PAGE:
But some riders can also do some dumbs things too but I expect that.
When I'm about to pass a rider who's taking up the road when I no choice but to drive pass him slowly,I'll give that 'shave and a haircut,two bits' honk from a distance and hopefully He or She doesn't give me the finger. I can understand when they flip me off because I had drivers drive right up and honk,trying to scare me off the bike.
Like someone said,everyday is different on the road. A-holes one day, nice people the next.
Just be cool. One day,that dumb ass driver will smack into a wall and die.One less car,one less A-hole.
 

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trail rat
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I've always felt that hand grenades would be the perfect solution; just roll it under the car and ride away. :thumbsup:

Wanted them for snowmobiles while cross country skiing when I lived in Idaho in the snow too.
 

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I hear and sypathize for you. Some drivers can really piss bikers off.

I hate to be devils advocate, but to be honest with you I feel just as strongly about some bikers. I've ridden a bike almost my whole life, and think common courtesy is a 2 way street. Some bikers are complete numbnuts and I can see how drivers take out their aggression on all riders because of the 1 idiot. No it's not right, but it only takes one boob to ruin it for all and vice versa. A good example are the couriers in downtown districts. I have seen many instances when they will cut people off and run red lights etc etc. No it doesn't mean all of them are like that, just that this can cause a lot of ill feelings towards bikes.

Anyway, rant over. I need to go out and ride...
 

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Thanks for fighting the good fight, people. I, personally, am too scared of being mowed down by the above described SUV driving, cell phone talking, crazies, so I stick to the trails. Trail riding has its hazards, as well, but not near as much as riding on the road, in my opinion.

I try to do my share by always slowing down and allowing cyclists to ride by before making right turns, even though the aggressive momentum from behind wants me to dangerously speed up and make the right turn just before the cyclist gets mowed down. I also will give plenty of room when passing cyclists, even if it means hugging the yellow line and scaring the oncoming traffic. The way I see it, is they see the cyclist riding too, so they need to expect that I am going to drift toward their lane in order to safely pass the cyclist, so if the oncoming traffic doesn't veer a little bit to their right as I approach, they are scaring me as far as I'm concerned.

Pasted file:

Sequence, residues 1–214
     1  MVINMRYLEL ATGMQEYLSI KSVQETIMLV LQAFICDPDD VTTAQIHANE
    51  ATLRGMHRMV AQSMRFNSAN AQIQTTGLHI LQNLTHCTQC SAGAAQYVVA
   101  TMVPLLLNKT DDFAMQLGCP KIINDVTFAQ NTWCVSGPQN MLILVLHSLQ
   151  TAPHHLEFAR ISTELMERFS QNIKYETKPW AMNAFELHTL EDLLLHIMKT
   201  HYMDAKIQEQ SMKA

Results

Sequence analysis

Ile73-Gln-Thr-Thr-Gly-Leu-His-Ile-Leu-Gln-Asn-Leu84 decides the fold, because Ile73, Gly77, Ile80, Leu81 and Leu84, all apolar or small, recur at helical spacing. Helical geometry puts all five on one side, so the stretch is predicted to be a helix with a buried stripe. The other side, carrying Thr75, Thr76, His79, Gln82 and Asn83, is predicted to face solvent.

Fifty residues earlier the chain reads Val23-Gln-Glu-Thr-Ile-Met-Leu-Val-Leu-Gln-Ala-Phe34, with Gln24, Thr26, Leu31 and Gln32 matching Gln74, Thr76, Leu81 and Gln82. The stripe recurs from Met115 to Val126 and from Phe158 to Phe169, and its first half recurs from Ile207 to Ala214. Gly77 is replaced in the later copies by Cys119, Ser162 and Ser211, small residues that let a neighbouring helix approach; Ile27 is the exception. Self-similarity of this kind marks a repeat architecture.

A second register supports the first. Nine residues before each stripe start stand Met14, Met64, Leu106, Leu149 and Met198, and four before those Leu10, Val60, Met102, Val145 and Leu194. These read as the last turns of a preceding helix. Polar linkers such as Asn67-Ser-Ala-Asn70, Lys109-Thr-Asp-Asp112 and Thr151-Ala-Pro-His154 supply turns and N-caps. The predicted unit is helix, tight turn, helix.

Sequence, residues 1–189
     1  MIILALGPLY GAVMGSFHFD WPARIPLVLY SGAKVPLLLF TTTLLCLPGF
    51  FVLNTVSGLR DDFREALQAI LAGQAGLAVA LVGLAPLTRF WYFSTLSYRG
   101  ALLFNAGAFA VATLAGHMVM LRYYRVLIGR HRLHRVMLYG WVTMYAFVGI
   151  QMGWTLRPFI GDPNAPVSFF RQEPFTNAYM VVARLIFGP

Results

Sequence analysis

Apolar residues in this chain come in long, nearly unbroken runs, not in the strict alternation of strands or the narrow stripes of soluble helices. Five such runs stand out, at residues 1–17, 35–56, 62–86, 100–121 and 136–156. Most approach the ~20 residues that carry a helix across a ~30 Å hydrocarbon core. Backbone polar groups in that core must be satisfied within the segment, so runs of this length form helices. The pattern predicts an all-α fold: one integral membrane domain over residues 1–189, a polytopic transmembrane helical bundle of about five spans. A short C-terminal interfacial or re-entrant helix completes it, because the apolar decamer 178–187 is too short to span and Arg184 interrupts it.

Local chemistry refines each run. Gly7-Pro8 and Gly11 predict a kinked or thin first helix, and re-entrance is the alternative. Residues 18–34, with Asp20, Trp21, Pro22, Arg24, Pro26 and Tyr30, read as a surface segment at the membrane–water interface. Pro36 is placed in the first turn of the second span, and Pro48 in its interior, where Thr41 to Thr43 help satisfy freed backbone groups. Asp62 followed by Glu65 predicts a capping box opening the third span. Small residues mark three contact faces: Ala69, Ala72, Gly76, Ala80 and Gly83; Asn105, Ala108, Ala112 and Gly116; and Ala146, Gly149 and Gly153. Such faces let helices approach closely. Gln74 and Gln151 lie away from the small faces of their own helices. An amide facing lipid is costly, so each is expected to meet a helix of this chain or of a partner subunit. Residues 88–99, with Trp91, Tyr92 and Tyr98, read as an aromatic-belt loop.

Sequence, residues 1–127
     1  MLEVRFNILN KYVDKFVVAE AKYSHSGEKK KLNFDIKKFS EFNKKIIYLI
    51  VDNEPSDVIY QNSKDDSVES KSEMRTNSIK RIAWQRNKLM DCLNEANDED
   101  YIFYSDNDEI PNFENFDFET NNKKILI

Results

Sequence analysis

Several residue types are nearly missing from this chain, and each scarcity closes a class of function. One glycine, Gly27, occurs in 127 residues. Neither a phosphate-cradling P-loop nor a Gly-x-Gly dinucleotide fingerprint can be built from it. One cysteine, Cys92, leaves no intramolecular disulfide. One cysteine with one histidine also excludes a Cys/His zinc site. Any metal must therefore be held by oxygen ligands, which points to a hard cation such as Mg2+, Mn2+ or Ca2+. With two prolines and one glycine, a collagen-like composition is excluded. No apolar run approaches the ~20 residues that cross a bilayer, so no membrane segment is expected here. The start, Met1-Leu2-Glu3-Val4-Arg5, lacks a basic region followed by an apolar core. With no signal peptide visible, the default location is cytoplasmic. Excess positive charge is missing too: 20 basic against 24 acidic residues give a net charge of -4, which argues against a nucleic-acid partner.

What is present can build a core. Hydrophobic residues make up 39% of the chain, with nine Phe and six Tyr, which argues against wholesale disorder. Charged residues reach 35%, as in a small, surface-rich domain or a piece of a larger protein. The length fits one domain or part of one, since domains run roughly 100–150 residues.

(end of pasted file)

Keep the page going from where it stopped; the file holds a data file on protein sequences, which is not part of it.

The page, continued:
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trail rat
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lidarman said:
Iraq "insurgents" have found car bombs work damn well.
My "hand grenades" are/were more like Road Runner cartoon ones. And the result, in my imagination, is with the driver launching skyward with the Wily B Coyote "OHH SH!!!!T" look on their faces. My imagination even gives them a parachute, that, unlike Wily B Coyotes', works. :smilewinkgrin:
 

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Out there
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Number one rule of my riding is: tangle with cars as little as possible.

No longer worth it to me. I will ride an extra five miles out of my way to avoid a mile of road filled with idiots.
 

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I would commute on a regular basis if the commute to my work didn't mean going five miles out of my way each way or being forced to go over the two busiest overpasses in the city. Indianapolis drivers are tools with zero respect for other motorists let alone some skinny dude in tight shorts on a mountain bike.
 

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person
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OT but my girlfriend and I were going for a jog one night to change things up. We were runing through downtown, and every person we saw started heckling us. They weren't even saying thenormal stupid stuff like "run forest run"....they were seriously threatening us and swearing at us, it was completely crazy. We picked up the pace and started heading back towards her house. We were about 1/2 a mile from her house when a white blazer drives by and gives a few more remarks and drove off. We didn't think anything of it. Then they came back around and threw a couple fist fulls of pennies at us. It was the last straw, we sprinted the rest of the distance and we're never going to run around town again. Jeeze I wish I caught the plate number. And of course it was on the one night that we didn't see a single cop.